Aduhelm™ (aducanumab) Controversy and Updates

Aduhelm™ (aducanumab) is a drug made by Biogen to treat Alzheimer’s disease. When the US Food and Drug Administration (FDA) first approved Aduhelm, it was exciting news. Aduhelm was the first new drug for Alzheimer’s approved in 18 years.1

However, the approval of Aduhelm was controversial. And the FDA issued a revised approval only a month later.2

Original abucanumab approval

In June 2021, the FDA granted Aduhelm accelerated approval. The FDA may give accelerated approval to new drugs that treat health conditions with few or no other treatments. It usually allows the drug to be sold sooner. Continued approval is based on results from larger trials showing a drug helps patients.1

Some people believe the FDA approved Aduhelm in part because of the influence of Alzheimer’s patient groups. Some of these groups were excited about the idea of the first new Alzheimer’s treatment in a long time. They intensely lobbied the FDA in support of Aduhelm.2,3

But many doctors disagreed with the FDA’s original approval. They felt there was not enough evidence to prove Aduhelm worked. There were also concerns about side effects and who was included in the first study.2,3

For example, Aduhelm can cause brain swelling and brain bleeding. This may make the drug more dangerous for people with certain health conditions. Also, people with diabetes or high blood pressure and those on blood thinners did not take part in the trials. This means doctors do not know whether these people can take the drug safely.2

Also, the Aduhelm study only included people with mild cognitive impairment or dementia. But the FDA approved Aduhelm for any Alzheimer’s patient. This included those with moderate or severe Alzheimer’s. Doctors felt there was not enough evidence that this was a safe decision.2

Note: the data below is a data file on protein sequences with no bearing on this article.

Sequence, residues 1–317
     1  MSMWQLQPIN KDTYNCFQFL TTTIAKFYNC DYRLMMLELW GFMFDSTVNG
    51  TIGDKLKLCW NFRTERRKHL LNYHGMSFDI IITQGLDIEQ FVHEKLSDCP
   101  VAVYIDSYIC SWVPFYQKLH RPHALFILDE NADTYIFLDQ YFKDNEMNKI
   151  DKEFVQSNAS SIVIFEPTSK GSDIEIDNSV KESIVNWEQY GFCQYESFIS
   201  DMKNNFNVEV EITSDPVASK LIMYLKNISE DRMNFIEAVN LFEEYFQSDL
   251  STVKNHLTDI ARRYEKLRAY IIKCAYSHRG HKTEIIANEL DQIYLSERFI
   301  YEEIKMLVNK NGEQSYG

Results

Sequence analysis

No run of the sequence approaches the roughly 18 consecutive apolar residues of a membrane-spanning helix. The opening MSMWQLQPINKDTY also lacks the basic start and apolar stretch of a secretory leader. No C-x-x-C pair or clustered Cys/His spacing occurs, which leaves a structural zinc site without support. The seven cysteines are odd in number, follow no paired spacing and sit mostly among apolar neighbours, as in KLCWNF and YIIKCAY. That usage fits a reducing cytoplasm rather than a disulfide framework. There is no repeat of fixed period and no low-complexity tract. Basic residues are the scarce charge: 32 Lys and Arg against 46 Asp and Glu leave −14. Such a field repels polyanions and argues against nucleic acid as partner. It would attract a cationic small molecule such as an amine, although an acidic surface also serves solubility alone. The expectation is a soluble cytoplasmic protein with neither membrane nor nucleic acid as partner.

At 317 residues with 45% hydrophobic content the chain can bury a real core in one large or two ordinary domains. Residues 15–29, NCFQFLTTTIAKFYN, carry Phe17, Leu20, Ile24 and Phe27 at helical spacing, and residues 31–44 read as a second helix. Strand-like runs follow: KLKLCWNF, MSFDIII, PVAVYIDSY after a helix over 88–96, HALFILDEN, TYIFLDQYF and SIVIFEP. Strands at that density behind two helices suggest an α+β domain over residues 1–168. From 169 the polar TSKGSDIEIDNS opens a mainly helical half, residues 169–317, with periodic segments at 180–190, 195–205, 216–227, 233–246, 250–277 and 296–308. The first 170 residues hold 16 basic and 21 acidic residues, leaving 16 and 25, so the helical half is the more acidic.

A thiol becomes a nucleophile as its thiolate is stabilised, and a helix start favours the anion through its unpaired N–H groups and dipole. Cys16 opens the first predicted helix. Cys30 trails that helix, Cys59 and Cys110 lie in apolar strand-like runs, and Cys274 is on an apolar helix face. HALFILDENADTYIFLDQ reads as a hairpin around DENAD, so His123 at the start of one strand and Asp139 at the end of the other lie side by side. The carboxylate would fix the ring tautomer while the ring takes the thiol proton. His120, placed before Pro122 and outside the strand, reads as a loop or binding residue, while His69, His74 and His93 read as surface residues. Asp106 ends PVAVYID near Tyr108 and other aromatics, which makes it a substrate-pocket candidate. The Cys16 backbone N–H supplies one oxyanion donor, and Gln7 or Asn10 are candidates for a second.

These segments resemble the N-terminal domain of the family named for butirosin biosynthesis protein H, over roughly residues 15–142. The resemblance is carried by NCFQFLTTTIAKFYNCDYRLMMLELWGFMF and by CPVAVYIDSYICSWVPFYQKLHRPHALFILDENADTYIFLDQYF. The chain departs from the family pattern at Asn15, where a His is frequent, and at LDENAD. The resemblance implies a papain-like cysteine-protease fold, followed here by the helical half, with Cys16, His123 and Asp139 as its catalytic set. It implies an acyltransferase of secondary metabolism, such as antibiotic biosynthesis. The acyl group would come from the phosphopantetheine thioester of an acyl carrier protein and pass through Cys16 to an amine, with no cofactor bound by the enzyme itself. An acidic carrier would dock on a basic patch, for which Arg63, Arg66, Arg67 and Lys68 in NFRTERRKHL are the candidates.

Revised Aduhelm approval

The FDA issued a revised approval in July 2021. The approval included only the types of people who were part of the drug's clinical trials. This means it was only approved for people with mild cognitive impairment or dementia.2

The original approval would have given roughly 6 million Americans a new drug for Alzheimer's disease. The new, more limited use means that about 2 million people can use this treatment.1

Insurance coverage

Even after the revised approval, some doctors refuse to prescribe Aduhelm. Large providers such as Cleveland Clinic and Mount Sinai have announced that they will not administer Aduhelm. They may change this decision if new information becomes available.3,4

Biogen has announced the cost of Aduhelm will be $56,000 a year. Doctors, insurance companies, and nonprofits have said this price is too high for a treatment that may not work.5

Some insurance companies have announced that they will not cover the cost of Aduhelm. This decision is based on the belief that Aduhelm is still experimental.4

Other controversies

On July 9, the head of the FDA called for an investigation into interactions between the FDA and Biogen.6

Read more about Aduhelm here.

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